Way back in 2006 (ten years? how is that even possible?), Andy Tauer sent out some samples of this thing called Orris, and the internet lost its mind. I was one of the lucky bloggers who scored a sample of this scent he had no intention of making in any quantities for sale, because it was some combo of too complicated to source/expensive/ridiculous, I don’t quite remember. I DO remember kicking into high-pitched toddler mode, where I am pretty sure I whined at him, publicly and privately, through various social media, that he reeeeally needed to put this into production. Which, in one of those small miracles that makes perfume so much fun, he did, eventually, as an LE. I laughed yesterday when I went back and looked – it cost the princely sum of $85 a bottle! Man, those were the days.
Now, ten years later, I’ve had a sample of Lonesome Rider sitting on my bedside table for weeks while I try to come up with something original to say. Or, really, anything to say besides squuueeeeeeeeeeee!!!!! As has been noted often and elsewhere, Lonesome Rider is something of a mashup of original Orris and the smoky, earthy Lonestar Memories, which I love, but more to sniff than to wear.
This new scent, though? It is perfection. What a genius move, Andy Tauer. You’ve taken the grounding heft of Lonestar and the soaring voice of Orris, and now the weirdly distracting power they had over my psyche, a sense of demanding attention that sometimes made them difficult to wear, is gone. It’s like they found each other and rode off into the sunset, with some of that great old-timey-western music playing in the background while the credits roll by on the screen and you’re dabbing your eyes and whatnot because it’s just too goddamn perfect.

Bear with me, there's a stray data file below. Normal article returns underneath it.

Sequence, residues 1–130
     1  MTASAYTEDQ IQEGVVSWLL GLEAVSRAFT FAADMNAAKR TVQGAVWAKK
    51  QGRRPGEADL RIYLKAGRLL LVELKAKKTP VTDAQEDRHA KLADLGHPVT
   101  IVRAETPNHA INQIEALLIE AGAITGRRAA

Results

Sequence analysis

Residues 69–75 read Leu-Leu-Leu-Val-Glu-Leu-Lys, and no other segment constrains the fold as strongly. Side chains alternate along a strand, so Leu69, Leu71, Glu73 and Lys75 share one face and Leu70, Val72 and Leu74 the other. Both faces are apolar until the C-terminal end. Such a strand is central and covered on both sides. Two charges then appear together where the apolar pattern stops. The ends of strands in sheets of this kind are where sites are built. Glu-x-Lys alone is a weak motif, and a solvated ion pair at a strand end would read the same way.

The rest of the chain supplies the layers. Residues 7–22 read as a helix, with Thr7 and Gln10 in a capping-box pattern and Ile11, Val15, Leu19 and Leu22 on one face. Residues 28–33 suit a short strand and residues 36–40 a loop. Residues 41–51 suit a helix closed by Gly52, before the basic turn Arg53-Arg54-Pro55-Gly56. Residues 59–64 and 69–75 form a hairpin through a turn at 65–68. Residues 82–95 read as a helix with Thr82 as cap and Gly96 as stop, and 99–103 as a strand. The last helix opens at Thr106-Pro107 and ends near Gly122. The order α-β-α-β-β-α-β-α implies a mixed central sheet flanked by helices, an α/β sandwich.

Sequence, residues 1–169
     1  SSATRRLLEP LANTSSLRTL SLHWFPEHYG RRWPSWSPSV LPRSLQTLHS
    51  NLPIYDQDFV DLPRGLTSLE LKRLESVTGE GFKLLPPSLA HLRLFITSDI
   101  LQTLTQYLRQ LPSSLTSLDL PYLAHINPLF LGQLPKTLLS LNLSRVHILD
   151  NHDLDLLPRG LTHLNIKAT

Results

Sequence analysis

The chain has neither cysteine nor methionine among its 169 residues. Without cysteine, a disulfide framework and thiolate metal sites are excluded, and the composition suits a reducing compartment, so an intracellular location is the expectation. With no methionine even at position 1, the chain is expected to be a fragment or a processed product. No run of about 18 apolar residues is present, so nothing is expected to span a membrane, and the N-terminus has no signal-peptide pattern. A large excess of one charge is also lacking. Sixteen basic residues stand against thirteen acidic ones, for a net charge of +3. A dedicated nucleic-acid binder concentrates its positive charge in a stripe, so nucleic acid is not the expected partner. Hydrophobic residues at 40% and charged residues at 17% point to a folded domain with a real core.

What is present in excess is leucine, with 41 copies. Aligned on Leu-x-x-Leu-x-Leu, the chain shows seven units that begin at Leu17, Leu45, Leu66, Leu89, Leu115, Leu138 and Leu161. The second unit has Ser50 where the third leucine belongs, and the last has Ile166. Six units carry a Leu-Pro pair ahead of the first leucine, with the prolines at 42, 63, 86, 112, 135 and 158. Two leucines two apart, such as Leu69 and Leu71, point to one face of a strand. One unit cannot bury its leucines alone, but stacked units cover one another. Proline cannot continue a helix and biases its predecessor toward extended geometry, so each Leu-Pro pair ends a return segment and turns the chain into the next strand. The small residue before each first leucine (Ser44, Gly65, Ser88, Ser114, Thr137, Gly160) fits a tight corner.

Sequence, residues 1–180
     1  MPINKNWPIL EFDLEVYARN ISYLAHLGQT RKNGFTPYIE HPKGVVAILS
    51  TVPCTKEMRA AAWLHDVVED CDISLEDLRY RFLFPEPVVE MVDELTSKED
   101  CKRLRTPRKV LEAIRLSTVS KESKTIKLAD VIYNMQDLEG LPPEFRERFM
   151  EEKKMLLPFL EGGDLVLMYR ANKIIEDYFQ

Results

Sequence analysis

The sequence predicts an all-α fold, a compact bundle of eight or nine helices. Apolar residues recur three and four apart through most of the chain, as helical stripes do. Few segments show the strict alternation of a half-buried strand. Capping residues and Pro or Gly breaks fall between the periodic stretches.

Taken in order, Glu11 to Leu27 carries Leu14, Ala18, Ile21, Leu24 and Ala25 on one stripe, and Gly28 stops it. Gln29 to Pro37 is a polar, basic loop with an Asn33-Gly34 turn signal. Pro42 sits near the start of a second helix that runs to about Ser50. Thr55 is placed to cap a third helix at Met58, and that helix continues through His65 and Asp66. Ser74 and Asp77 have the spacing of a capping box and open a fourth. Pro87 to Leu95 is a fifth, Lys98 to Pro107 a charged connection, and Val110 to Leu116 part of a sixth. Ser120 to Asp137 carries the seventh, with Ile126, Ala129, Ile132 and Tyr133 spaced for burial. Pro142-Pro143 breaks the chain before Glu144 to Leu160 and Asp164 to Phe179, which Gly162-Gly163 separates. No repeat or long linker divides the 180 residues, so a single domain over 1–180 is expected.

I’ve never really accepted the idea of Lonestar Memories as this surprisingly perfect evocation of rugged southwestern desert Americana, courtesy of a charming, brainy Swiss dude. Lonestar does not, to me, evoke the southwest, the desert, the high desert, eau de cowboy, the American west, John Wayne, Alan Ladd (come back, Shane!), or the works of Remington (sculptures or firearms, you choose). Lonestar Memories is…. there must be a word for this, the paucity of American English can be so irritating – Lonestar Memories is a yearning recollection of an imaginary thing that cannot be experienced. It’s like me conjuring up my searing scent-memories of Paris in the 1920s. Lonestar is a wild, powerful kind of feeling, attached nominally to a place, and someday I’m going to get drunk with Andy and weasel the details out of him, because on this issue I refuse to be wrong.
If you’re ready to reach through the screen and poke me with an imaginary, mythical sharp cowboy-stick because get on with the description already, fine: Lonesome Rider has two halves. The top half is some very close formulation of the sweet-spicy divinity of LE Orris, the one fragrance I own that smells like the actual scent of iris blooms, a smell I adore, rather than the buttery, metallic decoction of rhizomes with which it shares its name. Over time that segues into a hint of Lonestar’s birchtar and something like parched earth (makes me think of mitti attar), but the orris never goes away. I mean, never. Like a lot of Andy’s scents, Lonesome Rider is there days later on my skin if I look for it. Sometimes, on humid evenings, I catch a lovely, brief waft of scent from the tiny stoppered vial on the other side of my room. How is this happening? I don’t know. I’m smiling, just thinking about it. In the last ten years, as the perfume-industrial complex has grown like kudzu, and there’s more than I can possibly keep up with, and it’s quantity over quality, Lonesome Rider is an exquisite reminder of why I still give a damn about perfume.